As we enter an era when channel brands are dying – viewers only care about shows – the brand that can imprint itself on the mind of viewers as the place to find a show is the brand that wins.
Sky have done this in the UK. News Corp will make Hulu the first name you think of when you want video search, discovery and recommendation.
Murdoch vs Google – global war
Hulu is already taking a territory-based approach that currently excludes non-US Internet users from seeing the actual video (though they can still access the site). As Feng has pointed out, the international rights will take time to sort out. However, this is essentially an administrative formality and the negotiations can be based on existing broadcast television rights deals, such as those that Sky has to broadcast US shows in the UK.
One of the massive advantages that News Corp enjoys is that, unlike Google and most US-based media and entertainment companies, it is inherently global. Being international is in its corporate DNA. Launching a global video search service is a concept that the whole corporation and its shareholders will be entirely comfortable with, particularly with $100m of someone else’s money behind it.
It is also aggressive and future-focused. James Murdoch, chief executive of News Corp Europe and Asia, described this attitude as it manifests itself in BSKyB. “I'd like to think we do the future well. It's cultural. For us management teams the key thing is... to make bets that create exposure to emerging waves.
“For example, we made a bet that people would consume more bandwidth and would want high definition [television] and that wave is now driving forward a new broadband business for us. You have to be willing to orient your whole business to those trends, have a bigger appetite for risk, a willingness to fail and an appetite for bringing change.”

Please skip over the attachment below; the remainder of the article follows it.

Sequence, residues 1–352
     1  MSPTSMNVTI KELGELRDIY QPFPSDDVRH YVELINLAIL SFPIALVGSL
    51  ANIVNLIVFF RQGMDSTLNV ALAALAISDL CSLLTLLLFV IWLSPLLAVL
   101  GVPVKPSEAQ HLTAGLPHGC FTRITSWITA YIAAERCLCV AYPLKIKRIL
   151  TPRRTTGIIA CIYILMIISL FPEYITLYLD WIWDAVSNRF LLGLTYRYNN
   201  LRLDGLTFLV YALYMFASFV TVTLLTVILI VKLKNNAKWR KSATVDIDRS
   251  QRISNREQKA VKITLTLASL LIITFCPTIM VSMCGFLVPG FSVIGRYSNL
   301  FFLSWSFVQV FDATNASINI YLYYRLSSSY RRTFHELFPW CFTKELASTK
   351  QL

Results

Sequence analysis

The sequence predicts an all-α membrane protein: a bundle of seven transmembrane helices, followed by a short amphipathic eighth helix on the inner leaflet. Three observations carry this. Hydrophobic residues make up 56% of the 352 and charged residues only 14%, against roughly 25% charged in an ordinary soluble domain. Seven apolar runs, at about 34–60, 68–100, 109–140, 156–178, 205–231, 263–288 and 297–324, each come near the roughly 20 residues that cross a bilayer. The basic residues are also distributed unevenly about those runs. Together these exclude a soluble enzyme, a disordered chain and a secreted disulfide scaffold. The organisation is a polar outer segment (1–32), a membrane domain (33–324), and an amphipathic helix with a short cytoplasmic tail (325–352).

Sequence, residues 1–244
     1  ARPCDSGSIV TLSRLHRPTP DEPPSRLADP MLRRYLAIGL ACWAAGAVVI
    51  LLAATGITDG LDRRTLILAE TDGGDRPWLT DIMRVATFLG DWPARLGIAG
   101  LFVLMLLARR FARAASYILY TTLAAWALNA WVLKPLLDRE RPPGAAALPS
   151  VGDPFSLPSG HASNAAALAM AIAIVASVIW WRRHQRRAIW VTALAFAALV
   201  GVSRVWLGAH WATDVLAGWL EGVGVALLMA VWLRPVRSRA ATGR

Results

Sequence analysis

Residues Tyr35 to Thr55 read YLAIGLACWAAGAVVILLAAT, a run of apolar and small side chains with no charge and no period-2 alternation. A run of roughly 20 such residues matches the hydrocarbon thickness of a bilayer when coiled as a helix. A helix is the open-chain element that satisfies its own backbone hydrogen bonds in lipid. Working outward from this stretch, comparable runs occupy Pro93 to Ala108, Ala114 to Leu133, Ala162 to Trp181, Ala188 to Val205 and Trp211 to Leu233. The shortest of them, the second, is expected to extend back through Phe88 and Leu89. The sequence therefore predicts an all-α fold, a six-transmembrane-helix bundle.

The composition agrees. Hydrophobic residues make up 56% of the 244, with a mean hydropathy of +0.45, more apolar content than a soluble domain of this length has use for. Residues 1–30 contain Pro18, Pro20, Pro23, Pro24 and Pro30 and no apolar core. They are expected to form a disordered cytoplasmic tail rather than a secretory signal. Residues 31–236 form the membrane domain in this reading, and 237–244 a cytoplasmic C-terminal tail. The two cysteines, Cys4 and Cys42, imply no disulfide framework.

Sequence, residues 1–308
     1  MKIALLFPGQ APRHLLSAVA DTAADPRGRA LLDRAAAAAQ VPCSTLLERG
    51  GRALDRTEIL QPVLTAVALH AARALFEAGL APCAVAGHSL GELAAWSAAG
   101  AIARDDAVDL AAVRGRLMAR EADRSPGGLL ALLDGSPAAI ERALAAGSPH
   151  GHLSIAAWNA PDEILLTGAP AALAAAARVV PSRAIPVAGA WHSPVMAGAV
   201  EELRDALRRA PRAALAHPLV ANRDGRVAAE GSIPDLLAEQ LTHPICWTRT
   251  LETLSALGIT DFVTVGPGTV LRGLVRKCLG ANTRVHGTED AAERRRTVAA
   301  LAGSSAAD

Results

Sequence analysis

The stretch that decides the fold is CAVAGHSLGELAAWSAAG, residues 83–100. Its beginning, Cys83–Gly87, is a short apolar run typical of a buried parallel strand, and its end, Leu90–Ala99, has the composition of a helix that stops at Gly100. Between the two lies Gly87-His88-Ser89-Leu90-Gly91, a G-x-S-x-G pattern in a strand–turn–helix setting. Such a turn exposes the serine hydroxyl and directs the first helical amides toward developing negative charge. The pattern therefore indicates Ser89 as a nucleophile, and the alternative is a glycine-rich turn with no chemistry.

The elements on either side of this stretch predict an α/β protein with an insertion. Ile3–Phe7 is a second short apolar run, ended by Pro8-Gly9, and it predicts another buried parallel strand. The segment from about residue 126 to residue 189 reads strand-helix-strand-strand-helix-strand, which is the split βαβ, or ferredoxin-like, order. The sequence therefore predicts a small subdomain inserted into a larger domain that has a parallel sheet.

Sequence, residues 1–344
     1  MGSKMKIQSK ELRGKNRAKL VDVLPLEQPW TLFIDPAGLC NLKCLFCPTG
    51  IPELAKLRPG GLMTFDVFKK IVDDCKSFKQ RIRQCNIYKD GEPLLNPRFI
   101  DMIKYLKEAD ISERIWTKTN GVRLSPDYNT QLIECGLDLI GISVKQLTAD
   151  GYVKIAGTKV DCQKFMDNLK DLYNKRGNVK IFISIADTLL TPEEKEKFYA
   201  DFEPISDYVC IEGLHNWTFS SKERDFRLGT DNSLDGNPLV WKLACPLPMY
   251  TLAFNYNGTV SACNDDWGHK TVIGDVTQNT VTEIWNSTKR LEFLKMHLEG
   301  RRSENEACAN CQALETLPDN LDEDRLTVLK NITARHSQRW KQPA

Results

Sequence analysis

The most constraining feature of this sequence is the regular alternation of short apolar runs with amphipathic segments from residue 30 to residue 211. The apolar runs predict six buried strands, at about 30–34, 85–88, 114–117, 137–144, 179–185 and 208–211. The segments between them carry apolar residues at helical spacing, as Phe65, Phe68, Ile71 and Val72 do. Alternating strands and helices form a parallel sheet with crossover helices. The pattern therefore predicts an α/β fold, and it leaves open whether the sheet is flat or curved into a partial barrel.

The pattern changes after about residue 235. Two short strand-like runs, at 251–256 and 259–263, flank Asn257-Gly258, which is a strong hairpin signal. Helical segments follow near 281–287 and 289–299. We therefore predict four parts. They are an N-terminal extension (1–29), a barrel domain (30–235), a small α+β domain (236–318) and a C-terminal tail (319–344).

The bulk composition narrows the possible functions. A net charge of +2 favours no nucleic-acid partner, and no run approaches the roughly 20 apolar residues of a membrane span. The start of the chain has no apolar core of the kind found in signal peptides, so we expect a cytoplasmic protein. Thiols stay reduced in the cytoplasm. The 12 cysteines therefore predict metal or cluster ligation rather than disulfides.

News Corp is a major presence in all the largest Anglophone nations. Rolling out Hulu into the UK and Australia – and of course to the millions who speaking English as a second language – will be well-supported by News Corp media outlets.
After that, China is a tempting target, despite Murdoch’s previous difficulties in launching television services there (see this Economist review of the new book Rupert’s Adventures in China). The combination of Wendi Deng, Rupert Murdoch’s Chinese-born wife and Yale University MBA who currently runs MySpace China, and the Hulu technical team, many of whom are ex-Mojiti staff and remain based in Beijing, could well pave the way for a Chinese language video search service. Note also that Google has not done well so far in the Chinese market and remains vulnerable there to a determined competitor aiming only at video search and willing to cut deals with the Chiinese government.
And in Chinese, “Hulu” can mean either “interactive recording” (Hu + Lu) or a Chinese gourd that holds precious things.
The onset of hostilities
Hulu is due to come out of beta later in March. And CEO Jason Kilar is lined up to deliver a keynote speech at the high-profile National Association of Broadcasters trade show on April 16.
So, Hulu vs Google – who’s the winner? Comment below....